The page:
The pilgrimage symbolizes the difficult path of life upwards to a Christian heaven or, perhaps, a Buddhist nirvana. Those Costa Ricans who were on the trail Sunday or who will be on the trail today are involved in an activity that may well be at least 22,000 years old.
Such journeys, mostly by foot, are a phenomenon found in almost all societies, past and present, according to one expert.
Pilgrimages can be religious, political or secular, as in the case of travels to Disneyland. Those that get the most attention are religious, and these date back before history.
The megalithic site Göbekli Tepe in Turkey might well have been the destination of pilgrims as much as 13,000 years ago. The later Stonehenge most certainly was.
Perhaps even older than Göbekli Tepe are some pilgrimage sites in India.
Anthropologist Martin Gray said “In India we find the oldest continually operating pilgrimage tradition in the entire world. The practice of pilgrimage in India is so deeply embedded in the cultural psyche and the number of pilgrimage sites is so large that the entire subcontinent may actually be regarded as one grand and continuous sacred space.” He wrote an authoritative book on sacred sites worldwide.
The ancient Greeks had many pilgrimage sites and for various reasons.
Says pilgrimage expert Matthew Dillon:
“The pious need for initiations, cures and oracles drew Greeks to panhellenic sanctuaries where they invoked the gods to meet their particular needs. The wide range of questions asked at oracles, the cures sought at healing sanctuaries, and the need for reassurance about the life after death, indicate the very great degree to which the Greeks viewed the gods as intervening in the lives of individuals and in the affairs of the state. ”
The Canadian Museum of History points out that among the ancient Greeks, a pilgrimage to Olympia to see the athletic events and to participate in the sacrifices to Zeus and other festivities was something of great importance and many people attended several times. Because it was a pagan festival it conflicted with the growth and spread of Christianity and Roman emperors, who were Christian, banned the Olympics around 400 AD.
Less well documented is the economic impact of pilgrimages. One NBC news report quoting Manchester University scholar Ian Reader said that religious travel generates at least $8 billion a year for shrine-centered economies and provides employment for thousands.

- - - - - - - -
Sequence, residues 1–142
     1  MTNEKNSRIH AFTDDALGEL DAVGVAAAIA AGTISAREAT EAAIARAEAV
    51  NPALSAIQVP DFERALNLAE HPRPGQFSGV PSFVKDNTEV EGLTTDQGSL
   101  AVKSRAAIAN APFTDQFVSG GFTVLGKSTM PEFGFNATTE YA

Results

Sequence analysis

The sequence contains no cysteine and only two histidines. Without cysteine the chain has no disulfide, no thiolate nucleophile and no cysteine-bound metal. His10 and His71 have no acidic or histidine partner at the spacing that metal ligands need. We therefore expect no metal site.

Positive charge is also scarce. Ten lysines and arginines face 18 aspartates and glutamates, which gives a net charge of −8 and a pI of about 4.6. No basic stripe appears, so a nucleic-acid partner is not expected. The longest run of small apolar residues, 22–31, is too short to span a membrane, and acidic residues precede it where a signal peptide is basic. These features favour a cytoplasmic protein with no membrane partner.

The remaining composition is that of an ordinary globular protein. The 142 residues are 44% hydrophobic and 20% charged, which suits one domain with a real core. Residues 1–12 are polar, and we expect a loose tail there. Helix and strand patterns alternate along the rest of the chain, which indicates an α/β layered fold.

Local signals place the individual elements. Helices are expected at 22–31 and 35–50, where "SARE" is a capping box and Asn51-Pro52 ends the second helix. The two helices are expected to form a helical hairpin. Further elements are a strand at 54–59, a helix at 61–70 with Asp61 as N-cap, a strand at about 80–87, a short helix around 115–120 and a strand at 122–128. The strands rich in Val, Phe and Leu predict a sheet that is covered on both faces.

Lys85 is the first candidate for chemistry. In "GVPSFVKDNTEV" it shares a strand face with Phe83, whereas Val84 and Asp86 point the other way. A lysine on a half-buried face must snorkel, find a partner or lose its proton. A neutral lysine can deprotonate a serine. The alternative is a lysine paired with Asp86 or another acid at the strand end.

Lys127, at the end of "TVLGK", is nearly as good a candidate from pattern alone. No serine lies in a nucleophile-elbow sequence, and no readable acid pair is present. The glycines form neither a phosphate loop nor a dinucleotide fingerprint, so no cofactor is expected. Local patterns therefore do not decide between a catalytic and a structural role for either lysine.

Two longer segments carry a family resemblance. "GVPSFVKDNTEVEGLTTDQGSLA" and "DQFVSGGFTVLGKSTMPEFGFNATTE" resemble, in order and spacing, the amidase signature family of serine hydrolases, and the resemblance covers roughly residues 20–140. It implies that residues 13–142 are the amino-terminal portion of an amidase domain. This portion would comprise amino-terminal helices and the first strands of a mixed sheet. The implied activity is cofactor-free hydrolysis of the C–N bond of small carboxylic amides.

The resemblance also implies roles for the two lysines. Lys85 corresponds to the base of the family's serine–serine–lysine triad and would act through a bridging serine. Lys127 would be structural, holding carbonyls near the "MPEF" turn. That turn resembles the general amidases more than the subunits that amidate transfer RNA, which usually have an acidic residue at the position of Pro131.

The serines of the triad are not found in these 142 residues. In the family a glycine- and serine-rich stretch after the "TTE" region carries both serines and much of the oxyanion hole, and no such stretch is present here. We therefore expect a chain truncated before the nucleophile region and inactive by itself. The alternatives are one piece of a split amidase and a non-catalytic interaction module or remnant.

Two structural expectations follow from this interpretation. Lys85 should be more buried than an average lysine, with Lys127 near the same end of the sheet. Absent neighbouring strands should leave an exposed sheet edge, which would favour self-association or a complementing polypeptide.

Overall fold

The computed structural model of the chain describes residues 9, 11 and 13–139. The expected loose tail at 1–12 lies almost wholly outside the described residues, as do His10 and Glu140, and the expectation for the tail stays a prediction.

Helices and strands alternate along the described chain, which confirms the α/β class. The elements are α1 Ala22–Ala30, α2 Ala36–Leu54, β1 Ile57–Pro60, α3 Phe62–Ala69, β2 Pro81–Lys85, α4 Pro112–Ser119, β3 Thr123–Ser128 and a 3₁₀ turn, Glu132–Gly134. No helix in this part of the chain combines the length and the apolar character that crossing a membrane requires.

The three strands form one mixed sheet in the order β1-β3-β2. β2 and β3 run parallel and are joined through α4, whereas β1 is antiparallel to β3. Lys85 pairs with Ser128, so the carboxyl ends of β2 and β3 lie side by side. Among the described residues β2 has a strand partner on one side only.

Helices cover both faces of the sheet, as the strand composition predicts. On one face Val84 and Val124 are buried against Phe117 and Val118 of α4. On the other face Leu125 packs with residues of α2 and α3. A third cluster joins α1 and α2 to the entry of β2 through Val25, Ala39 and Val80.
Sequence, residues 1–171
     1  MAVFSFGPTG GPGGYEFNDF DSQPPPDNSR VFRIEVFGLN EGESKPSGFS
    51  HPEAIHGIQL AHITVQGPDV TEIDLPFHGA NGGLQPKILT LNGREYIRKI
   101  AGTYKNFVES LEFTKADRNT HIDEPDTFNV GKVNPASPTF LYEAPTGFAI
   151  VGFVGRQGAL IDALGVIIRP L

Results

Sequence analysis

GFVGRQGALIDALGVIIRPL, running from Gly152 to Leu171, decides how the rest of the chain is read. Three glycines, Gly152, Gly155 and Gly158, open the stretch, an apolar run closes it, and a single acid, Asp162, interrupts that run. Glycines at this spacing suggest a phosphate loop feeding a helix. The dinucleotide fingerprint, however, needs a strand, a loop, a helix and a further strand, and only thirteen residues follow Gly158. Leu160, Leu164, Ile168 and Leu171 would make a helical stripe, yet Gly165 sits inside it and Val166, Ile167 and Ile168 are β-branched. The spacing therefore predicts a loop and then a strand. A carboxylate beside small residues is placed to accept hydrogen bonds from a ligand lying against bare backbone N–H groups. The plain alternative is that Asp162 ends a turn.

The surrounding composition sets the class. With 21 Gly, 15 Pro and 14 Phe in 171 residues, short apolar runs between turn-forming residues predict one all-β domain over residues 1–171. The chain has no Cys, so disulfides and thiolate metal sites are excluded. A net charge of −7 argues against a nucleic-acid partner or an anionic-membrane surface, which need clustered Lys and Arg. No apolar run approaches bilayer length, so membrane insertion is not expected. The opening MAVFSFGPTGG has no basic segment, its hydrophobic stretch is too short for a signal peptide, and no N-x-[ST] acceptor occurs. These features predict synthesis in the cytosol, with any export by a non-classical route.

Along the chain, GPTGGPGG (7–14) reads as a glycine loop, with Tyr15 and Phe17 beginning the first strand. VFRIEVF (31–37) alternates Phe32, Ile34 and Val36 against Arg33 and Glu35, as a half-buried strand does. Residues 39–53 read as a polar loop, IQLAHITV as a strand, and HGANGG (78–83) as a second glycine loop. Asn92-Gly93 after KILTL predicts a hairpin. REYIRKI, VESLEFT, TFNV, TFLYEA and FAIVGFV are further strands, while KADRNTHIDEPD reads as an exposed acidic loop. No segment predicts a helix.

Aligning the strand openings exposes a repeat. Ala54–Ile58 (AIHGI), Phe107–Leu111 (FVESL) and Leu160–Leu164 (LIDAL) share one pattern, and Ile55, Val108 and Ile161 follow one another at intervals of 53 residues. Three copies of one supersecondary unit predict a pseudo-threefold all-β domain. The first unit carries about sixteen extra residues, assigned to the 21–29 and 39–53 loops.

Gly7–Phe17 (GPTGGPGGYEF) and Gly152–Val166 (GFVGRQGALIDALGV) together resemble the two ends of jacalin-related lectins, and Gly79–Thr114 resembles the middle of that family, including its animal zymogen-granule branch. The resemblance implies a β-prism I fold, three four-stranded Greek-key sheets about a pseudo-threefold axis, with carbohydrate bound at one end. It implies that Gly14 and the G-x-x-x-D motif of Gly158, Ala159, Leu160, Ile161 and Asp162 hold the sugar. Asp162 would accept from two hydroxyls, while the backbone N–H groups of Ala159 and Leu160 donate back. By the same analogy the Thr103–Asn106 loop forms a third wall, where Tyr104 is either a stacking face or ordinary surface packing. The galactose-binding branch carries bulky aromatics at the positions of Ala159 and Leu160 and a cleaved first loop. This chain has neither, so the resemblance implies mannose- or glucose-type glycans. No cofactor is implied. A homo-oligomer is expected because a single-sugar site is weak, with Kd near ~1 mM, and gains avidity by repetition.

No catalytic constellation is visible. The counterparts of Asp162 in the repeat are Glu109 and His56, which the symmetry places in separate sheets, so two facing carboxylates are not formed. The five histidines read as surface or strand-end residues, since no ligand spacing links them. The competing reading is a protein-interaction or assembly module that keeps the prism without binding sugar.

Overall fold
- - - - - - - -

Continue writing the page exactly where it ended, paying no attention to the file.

There probably was an economic factor when Muhammad ordered that every Muslim visit at least once the prophet’s hometown. Some sources say that the Mecca pilgrimage is thousands of years older than the Seventh century founder of Islam.
A curious fact is that pilgrimage and economics figured in one of the major advances of the Western world.
Johannes Gutenberg formed an investment group to produce religious relics for pilgrims to Aachen, Germany, but the event featuring homage to the Emperor Charlemagne was postponed by a flood. Gutenberg, instead, created moveable type and the printing press to satisfy his investors in 1439.
The best-known pilgrimage in the English-speaking world is that to Canterbury and the tomb of the 11th century archbishop there Thomas Becket. Geoffrey Chaucer wrote the lengthy collection of stories that were attributed to pilgrims and now called the “Canterbury Tales.”
The 14th century Middle English text has caused anguish for modern students.
In the Spanish-speaking world the Camino de Santiago probably is the best recognized. The pilgrimage to Santiago de Compostela in Galicia, Spain, and the presumed resting place of St. James, the apostle, was one of the major destinations in the Middle Ages along with Rome and Jerusalem.
In Latin America, European priests tried to use the native religions to promote Christianity. Churches frequently were built on sites that had been sacred before the arrival of Colombus.
Then there were the reports of visits by the Virgin Mary that left some tangible evidence. Every country in the Americas has at least one such site.
That includes the Basilica de Nuestra Señora de los Ángeles in Cartago where thousands of pilgrims or romeros are headed today.
The tangible evidence there is a small stone carving of the Virgin Mary holding the infant Jesus in her arms. It is said to be of divine origin or at least of divine intervention.